Treatment of Bipolar, ADD and OCC

Dear Dr. Phelps,

First: Your site is right on the mark. I live in NYC and have attended live lectures by some of the leading researchers and therapists in the field. In their talks about B-P, its diagnosis, prognosis and treatment, I have been unable to get them to distinguish between BP 1 and 2, despite direct questions to this point. This is very distressing since they are generally talking about quite severe forms of BP which are frightening to someone who has been tentatively diagnosed with BP 2.

My specific question to you now is that I also have ADHD and perhaps some other comorbidities thrown into the spagetti bowl, such as OCD. How do the treatments you recommend for BP relate to these other issues?

I am 56. Have been sharp, successful and intelligent in many areas of my life intil about 8 years ago. Recently, I find my cognitive faculties diminishing and my ability to call up words sometimes almost gone.

I am taking 1500 mgs of Depakote a day.300 mgs of Wellbutrin. 3 clonozepaem tablets. And 1and 1/2 mgs of L-thyroxin.

I don't know if you will be answering me individually or putting question and answer on the site. Please advise me at my e-m address because that is where I will be waiting for a response unless otherwise notified.

With much appreciation to you and for your site in general, I am your truly,

Anita

Dear Anita --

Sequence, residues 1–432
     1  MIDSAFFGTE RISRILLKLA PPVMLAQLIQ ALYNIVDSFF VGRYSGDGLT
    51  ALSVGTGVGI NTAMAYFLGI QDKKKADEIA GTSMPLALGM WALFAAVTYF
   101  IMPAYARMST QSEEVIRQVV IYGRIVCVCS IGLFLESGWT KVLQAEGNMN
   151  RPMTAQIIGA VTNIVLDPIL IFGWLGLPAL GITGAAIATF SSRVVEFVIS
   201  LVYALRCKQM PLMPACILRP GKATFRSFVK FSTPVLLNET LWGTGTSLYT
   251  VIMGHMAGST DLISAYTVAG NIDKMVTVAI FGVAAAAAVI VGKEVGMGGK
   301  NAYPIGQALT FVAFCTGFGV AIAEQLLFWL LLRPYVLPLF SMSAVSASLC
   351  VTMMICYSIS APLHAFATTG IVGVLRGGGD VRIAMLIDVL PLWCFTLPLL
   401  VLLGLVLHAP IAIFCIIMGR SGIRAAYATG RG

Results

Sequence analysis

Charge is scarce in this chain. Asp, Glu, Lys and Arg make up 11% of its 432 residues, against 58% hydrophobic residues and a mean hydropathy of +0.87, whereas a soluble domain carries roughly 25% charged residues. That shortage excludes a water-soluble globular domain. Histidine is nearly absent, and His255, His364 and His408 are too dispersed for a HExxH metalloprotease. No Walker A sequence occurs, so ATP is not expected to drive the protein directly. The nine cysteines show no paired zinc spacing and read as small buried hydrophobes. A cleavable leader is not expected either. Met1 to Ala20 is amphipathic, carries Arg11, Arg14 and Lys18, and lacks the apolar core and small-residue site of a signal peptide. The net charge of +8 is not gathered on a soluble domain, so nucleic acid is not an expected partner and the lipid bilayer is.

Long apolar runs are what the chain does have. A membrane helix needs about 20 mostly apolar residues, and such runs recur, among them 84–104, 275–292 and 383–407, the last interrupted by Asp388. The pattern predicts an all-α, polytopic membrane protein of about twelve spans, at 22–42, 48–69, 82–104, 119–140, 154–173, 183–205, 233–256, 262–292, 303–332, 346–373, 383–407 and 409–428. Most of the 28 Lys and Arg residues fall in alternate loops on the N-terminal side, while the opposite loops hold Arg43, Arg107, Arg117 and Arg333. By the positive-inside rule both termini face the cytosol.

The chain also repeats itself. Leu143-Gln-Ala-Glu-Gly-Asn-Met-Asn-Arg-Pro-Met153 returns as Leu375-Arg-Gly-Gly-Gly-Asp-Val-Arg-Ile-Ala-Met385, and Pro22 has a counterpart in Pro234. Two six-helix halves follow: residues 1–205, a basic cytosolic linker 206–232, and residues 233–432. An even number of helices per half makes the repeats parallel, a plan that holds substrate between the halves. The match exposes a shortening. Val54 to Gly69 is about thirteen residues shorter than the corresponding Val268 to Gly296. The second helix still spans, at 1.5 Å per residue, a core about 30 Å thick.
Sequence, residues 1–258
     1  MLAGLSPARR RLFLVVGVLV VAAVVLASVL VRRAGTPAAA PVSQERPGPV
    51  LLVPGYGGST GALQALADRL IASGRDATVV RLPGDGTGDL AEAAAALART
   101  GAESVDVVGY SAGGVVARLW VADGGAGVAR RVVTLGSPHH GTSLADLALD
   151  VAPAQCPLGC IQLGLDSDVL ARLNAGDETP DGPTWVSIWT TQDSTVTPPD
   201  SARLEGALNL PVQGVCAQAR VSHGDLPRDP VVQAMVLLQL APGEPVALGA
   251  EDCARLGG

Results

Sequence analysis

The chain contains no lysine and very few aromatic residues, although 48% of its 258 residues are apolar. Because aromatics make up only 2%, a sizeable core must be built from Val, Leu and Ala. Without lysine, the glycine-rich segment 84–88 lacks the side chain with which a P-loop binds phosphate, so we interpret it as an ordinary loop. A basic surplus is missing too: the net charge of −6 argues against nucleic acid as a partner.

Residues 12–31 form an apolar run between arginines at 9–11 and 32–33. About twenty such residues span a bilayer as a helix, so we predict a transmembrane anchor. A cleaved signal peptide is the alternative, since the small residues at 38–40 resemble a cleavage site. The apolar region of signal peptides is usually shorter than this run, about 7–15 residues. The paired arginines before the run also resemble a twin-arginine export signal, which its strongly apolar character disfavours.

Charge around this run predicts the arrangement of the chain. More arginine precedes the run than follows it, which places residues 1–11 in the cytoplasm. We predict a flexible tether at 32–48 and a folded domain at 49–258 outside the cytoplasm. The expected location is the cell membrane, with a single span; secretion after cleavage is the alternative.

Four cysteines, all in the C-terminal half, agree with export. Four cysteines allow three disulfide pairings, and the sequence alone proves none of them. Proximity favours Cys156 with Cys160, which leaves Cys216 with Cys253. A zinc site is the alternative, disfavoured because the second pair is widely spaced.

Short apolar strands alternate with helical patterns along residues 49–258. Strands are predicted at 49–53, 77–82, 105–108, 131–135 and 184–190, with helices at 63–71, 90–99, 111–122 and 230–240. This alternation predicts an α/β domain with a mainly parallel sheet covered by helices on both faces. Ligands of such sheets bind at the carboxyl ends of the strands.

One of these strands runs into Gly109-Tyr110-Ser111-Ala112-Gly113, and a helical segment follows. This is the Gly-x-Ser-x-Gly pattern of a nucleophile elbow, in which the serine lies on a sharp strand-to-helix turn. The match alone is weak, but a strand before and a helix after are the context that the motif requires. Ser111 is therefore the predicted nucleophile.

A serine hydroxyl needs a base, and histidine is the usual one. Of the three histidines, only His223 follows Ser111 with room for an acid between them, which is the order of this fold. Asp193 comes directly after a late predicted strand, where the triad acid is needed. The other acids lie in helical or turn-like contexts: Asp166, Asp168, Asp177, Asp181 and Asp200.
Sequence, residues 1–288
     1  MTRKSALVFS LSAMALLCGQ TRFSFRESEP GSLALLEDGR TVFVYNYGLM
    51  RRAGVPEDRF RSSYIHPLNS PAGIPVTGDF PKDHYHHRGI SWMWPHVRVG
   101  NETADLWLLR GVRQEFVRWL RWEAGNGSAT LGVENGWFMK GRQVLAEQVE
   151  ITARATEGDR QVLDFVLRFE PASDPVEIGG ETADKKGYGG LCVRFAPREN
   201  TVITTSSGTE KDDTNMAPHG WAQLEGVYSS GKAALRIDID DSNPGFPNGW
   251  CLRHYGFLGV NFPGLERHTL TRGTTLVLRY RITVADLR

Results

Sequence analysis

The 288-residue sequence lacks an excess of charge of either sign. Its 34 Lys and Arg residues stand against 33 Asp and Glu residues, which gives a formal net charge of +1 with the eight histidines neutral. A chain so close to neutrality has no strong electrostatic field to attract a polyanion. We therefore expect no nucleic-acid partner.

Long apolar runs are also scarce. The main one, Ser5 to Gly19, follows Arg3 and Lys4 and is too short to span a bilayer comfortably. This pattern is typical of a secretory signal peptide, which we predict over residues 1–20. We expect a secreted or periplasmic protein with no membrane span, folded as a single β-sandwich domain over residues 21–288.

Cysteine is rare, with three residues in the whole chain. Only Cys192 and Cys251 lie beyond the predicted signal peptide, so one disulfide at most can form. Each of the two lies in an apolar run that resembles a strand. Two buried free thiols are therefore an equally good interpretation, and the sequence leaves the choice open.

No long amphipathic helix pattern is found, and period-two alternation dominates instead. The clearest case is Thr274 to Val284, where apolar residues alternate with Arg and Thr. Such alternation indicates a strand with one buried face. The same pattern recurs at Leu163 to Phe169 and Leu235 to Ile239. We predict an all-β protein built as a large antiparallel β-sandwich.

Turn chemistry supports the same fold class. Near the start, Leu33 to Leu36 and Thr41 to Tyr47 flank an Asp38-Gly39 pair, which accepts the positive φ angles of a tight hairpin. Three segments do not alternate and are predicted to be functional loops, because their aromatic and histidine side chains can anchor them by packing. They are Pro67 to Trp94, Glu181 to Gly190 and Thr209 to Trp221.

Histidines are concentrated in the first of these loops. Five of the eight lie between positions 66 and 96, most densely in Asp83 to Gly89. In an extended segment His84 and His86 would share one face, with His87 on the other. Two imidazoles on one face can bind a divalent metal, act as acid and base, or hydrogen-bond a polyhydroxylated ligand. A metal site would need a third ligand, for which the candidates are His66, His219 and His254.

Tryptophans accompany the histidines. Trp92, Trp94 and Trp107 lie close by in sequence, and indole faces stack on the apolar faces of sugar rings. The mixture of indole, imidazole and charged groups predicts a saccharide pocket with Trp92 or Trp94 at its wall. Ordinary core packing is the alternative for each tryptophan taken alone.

Thanks for the support re: my website.  Yes, that can be a really tough distinction between bipolar I and bipolar II.  Since the treatment is identical, there's not a whole lot of value in fussing over the distinction, in my opinion.  They are all variations of the same phenomenon. 

As to your Specific Question, "How do the treatments you recommend for BP relate to these other issues?" -- meaning OCD and ADD:

It seems to me that in the folks I see, much of the time, bipolar disorder is the primary underlying problem that can show up as OCD and ADD.  In other words, it seems like much of the time one can treat the BP and the others will improve -- without any specific treatment for the OCD or ADD symptoms.  So first off, the name of the game is to get all the bipolar symptoms under control (see my "Treatment Details" for all the non-medication means, as well as a list of current mood stabilizer medications).

However, if you have very good control of mood stability -- sleeping well; no cycling, not even with menstrual cycles; no irrational irritability episodes, etc. -- and at that point you still have OCD symptoms, then you might be forced to add a serotonergic antidepressant (which Wellbutrin is not, as you know).  If you can get this stable with Wellbutrin on board, which the vast majority of patients can not, then you'd have to consider switching to an SSRI rather than having two antidepressants!

And as for ADD, some people will see their symptoms controlled with mood stabilizers alone.  If you are doing well otherwise and attention was still a problem, you could try cautious low dose stimulant treatment.  But careful: often memory and overall concentration (as opposed to the ability to focus on a specific task, like listening to a lecture, for example) can be impaired by repeated episodes of depression or hypomania, and it takes a while -- it looks to me from what I see in my patients -- for that to recover when mood stability has been achieved.  So don't jump too early into the stimulant trial, is the point.

Dr. Phelps


Published March, 2001